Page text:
Comfortable in Cornwall – Hotel Tresanton
Well, we liked this one. We weren’t quite sure on arrival though and I got “the face”. This was because a) the directions were a bit loose (the husband likes things to be measured in an accurate manner), b) we initially drove past the entrance and c) it wasn’t a Four Seasons.
Not especially obvious, the entrance and a lot of steps. With a suitcase that was packed knowing there would be no penalty for being overweight, my heart sank.
|the front entrance|
I did feel slightly better when I saw the sign tacked to the wall, which announced that their own home-made ice cream was available every day, on the terrace. I felt better still when a very strong and rather handsome man appeared, as if by magic (but in reality by artfully hidden camera) to take our bags, and us, to the check in.
After the obligatory query about whether a larger room might, in fact, actually be available despite having been told not, in a number of pre-arrival phone calls (the answer was still no), we settled into our room. Small but perfectly formed, I think you’d call it. It does the job though. Familiar shades of F & B neutral and lovely fabrics. Good use of stripes and sisal. Not over-designed but the detail was there if, like me you notice that sort of thing. Clean. Spotless in fact.
REN products, tick. Strong shower, tick. Good pillows, tick. I could go on but you get the picture. This was a good boutique hotel, which knows its market, makes an effort to be friendly and gets it right. I know it’s terribly Travelodge of me, but I would like some tea and coffee-making facilities in the room. I know, but there’s only so much that can be done without a strong cup of tea. Maybe there just wasn’t enough room for it..
I particularly liked the staff. Many women d’une certain age behind the reception desk, to make me feel at home. Quietly competent with a sense of humour.
This is an hotel which knows its demographic. I suspect a lot of the guests have postcodes which start with SW. It’s trendy but not achingly so; it’s quietly superior without getting up your nose with it.
|view from the room (20)|
There’s a little spa room (natch) and good, well-trained therapists for those days when it rains too hard and you just need to cocoon in the hotel.
The food was fresh and simple and what I would describe as ” superior home cooking “. It was cooked with care. The menu changed daily and the star item was, as you would expect, fish and shellfish. Lobster can be ordered on demand as you wish, as indeed it was and delicious it was too, with a side order of chips and home-made herb mayonnaise. Portions are generous. We like that.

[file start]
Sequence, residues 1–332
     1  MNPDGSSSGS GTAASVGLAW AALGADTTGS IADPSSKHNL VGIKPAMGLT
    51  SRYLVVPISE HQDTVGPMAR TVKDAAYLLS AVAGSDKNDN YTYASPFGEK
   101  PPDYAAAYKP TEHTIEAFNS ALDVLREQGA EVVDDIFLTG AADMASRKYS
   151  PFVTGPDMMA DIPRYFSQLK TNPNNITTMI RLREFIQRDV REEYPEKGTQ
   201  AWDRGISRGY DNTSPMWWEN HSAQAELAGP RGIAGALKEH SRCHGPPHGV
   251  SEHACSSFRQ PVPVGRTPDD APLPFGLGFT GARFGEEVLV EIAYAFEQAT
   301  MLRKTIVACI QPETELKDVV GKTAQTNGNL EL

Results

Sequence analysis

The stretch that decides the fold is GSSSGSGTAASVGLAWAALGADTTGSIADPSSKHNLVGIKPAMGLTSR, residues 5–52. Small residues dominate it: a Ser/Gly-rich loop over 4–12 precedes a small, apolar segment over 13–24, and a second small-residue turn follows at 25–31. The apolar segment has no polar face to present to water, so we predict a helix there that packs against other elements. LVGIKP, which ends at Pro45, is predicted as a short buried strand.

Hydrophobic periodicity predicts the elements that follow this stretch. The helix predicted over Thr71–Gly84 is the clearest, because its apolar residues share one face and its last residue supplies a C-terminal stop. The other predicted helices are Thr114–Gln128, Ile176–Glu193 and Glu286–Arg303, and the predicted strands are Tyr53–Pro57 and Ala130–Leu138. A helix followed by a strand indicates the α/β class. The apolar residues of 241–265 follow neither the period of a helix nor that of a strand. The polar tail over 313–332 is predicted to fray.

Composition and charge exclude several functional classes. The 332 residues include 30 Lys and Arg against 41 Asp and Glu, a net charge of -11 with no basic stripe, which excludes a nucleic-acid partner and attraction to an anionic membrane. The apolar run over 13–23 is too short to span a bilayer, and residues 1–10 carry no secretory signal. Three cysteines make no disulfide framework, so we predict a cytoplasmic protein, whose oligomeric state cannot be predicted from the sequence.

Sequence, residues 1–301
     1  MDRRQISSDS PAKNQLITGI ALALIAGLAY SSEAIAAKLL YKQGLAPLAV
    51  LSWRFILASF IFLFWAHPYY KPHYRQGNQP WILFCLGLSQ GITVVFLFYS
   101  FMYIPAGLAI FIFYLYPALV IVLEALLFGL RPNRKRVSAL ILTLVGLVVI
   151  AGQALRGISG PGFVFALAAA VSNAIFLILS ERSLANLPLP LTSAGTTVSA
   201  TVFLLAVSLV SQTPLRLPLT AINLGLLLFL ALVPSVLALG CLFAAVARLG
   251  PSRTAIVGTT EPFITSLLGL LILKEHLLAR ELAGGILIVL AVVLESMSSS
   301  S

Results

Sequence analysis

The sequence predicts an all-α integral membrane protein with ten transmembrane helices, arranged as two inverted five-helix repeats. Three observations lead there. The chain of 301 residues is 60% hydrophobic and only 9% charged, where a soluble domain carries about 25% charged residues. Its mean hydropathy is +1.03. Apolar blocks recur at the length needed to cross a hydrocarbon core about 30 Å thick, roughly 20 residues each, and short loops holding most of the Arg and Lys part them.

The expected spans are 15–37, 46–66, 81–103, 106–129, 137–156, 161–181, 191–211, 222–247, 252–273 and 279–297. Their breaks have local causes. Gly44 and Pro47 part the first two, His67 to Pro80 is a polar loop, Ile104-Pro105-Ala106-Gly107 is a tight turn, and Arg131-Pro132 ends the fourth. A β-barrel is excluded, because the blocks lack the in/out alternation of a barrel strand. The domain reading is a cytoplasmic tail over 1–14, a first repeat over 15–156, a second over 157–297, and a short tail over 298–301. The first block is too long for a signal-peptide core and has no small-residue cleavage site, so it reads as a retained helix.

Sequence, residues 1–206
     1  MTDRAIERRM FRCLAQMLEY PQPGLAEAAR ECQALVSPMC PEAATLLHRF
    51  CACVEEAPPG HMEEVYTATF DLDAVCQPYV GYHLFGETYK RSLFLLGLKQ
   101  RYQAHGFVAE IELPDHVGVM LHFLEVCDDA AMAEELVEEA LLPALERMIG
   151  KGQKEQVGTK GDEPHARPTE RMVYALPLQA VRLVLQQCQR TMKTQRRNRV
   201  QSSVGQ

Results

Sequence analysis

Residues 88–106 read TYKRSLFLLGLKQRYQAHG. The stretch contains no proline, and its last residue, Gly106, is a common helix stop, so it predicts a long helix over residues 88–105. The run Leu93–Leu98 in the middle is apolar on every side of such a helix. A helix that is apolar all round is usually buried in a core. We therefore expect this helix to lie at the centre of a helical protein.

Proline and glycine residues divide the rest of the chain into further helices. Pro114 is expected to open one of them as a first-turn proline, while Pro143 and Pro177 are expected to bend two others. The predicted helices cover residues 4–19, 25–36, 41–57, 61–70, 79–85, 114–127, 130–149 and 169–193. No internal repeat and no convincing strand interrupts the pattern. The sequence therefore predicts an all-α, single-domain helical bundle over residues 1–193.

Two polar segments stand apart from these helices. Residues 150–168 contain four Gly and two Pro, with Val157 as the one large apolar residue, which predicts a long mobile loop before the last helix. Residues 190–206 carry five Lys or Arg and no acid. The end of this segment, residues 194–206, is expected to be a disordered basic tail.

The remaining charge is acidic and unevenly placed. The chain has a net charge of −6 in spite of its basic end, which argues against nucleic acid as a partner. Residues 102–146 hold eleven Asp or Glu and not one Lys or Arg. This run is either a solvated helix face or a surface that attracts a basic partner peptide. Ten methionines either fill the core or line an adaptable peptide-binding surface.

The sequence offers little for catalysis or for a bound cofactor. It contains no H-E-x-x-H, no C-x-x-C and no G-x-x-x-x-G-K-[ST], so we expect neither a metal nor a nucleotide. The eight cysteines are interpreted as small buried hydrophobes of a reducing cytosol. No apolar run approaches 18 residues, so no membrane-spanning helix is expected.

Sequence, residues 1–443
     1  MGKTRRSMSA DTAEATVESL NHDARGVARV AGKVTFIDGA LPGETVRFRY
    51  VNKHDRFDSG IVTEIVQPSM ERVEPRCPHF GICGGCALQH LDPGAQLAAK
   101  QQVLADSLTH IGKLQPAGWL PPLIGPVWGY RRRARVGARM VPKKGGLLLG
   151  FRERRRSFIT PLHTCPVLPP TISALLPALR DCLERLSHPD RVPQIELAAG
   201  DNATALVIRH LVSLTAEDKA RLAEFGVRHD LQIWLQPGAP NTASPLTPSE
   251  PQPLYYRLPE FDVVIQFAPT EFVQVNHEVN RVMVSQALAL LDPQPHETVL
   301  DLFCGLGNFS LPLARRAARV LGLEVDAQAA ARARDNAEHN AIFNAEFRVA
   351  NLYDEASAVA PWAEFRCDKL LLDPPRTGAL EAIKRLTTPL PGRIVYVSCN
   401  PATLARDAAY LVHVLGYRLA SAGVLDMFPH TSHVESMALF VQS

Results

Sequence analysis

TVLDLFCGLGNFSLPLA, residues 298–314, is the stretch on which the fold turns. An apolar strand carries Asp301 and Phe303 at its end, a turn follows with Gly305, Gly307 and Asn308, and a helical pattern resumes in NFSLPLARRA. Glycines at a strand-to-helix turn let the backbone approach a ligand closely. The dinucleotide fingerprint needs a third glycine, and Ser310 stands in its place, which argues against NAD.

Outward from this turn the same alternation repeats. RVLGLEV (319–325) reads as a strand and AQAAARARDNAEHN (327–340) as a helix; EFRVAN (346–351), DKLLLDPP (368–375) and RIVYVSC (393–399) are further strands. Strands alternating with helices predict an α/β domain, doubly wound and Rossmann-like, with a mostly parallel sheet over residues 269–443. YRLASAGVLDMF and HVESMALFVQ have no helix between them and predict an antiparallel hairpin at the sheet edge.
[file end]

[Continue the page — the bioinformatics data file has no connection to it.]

|view on the patio|
The service is careful and thoughtful . They go for little touches – our hot water ran out one evening so the next evening they gave us a glass of champagne with dinner.
We managed to eat on the terrace on at least half a dozen occasions which is no mean feat in Cornwall . This is the view you get The patio heaters help. Good breakfasts. Lots of choice. My boiled eggs test was passed. Decent-ish coffee.
St Mawes itself is rather isolated from “trendy” Cornwall, although it’s very well placed. You could, if you were so minded, drive for an hour or so to “Padstein” as I believe it’s called www.rickstein.com or go to one of the uber-trendy beach cafes such as The Porthminster Beach Cafe in St Ives www.porthminstercafe.co.uk but we didn’t, preferring to stay put and not wanting to do the drive. I warn you, you need to drive for at least an hour to get to the big food destinations.
If, like me, you have given up pretending that you’re not middle-aged and middle class, you can let yourself enjoy the gentle pleasures of the very interesting gardens and National Trust properties in the vicinity. I’m told that are lots of good walks, if you’re that way inclined. Which I’m not.